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Jonathon

Rest Authentication

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As a total newbie to REST and with the intention of using it in a webservice. I was a little unsure about how authentication takes place. Reading around, it should be stateless so not involve cookies and sessions and a lot of places take about using a token. But I wanted to be more clear in that exactly. So I had a couple of questions

 

1) Is it a case that when you create a user via the webapp or an iphone app that you should automatically create an auth_token for this person and store it in your DB?

 

2) Would something like a md5(uniqid(rand(),true)); be suitable for a token?

 

3) From there, how should you use the token with requests?

 

4) Is the token then stored in CoreData or a file on the app and pulled from there?

 

 

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What are your needs here? If this is a read-only (only GET-operations) API, you don't need strict authentication or might not need it at all. Tokens can be used to make sure only those with a valid key can fetch data, you can throttle their calls and build statistics. You could also consider leaving it out completly. If the API is read only, a simple token emailed to users are enough. You can add this token to a GET param or insert into a header in your calls.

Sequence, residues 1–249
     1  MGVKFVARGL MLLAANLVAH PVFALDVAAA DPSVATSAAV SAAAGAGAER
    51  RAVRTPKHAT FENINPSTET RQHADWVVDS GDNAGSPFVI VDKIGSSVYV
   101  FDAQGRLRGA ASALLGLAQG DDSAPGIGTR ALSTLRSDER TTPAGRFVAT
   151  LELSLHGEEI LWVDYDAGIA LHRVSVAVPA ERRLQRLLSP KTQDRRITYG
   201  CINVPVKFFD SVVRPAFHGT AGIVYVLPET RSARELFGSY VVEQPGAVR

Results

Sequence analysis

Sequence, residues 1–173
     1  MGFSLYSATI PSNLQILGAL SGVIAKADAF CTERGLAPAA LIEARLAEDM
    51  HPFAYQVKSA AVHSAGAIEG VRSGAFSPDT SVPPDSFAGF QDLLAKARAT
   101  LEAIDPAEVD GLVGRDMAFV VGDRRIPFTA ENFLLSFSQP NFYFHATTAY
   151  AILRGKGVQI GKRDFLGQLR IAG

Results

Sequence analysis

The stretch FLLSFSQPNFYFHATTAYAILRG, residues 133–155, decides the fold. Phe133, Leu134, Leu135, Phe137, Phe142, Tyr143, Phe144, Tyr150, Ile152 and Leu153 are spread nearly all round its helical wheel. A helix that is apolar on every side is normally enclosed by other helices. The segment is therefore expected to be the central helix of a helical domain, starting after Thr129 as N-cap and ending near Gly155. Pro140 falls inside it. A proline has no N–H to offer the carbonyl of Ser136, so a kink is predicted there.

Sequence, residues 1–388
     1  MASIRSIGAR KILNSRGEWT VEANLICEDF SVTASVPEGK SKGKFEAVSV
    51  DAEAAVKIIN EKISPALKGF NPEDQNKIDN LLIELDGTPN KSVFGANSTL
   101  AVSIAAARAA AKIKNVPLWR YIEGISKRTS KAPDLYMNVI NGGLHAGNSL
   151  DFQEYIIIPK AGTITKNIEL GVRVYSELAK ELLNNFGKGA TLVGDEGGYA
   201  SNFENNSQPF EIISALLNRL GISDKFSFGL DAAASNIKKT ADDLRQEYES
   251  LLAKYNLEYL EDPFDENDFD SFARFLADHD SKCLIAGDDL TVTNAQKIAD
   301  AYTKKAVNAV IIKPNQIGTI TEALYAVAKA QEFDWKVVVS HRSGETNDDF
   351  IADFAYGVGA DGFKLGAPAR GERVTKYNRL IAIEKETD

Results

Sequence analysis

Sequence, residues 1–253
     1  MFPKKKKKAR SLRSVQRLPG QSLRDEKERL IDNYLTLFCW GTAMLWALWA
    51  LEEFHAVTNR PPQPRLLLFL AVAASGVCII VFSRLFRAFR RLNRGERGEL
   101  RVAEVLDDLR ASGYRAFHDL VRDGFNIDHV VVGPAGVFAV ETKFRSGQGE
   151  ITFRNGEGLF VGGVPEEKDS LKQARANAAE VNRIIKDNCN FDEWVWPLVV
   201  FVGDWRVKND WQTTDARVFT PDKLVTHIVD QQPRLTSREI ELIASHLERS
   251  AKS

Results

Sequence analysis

1. Seems like a good idea. That way you can also retract tokens.

2. Probably. How important is security? The tokens generated should take this into account.

3. You should require users to pass the token upon every request. As you said, there's no state here.

4. Sounds reasonable.

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Thanks Thomas.

 

It won't be read only totally. A lot of it will be but there will be some user specific calls I want to use and there will be certain user roles that will need to be verified as a) being a certain user type and B) having the correct permissions.

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Yes, I'd use a token that you generate when the user registers and you store the token in the database. This also allows you to roll API keys for users.

 

I would use http://php.net/manual/en/function.openssl-random-pseudo-bytes.phpto generate the token. At Stripe, this is expected to be passed as the "user" value in every request (-u token in cURL). 

 
As for your app, I'm not positive what's the best, most secure storage route. 

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If you use a bytes length of 16 for the function, then run it through bin2hex(), you'll get a string 32 characters long, which is good. 

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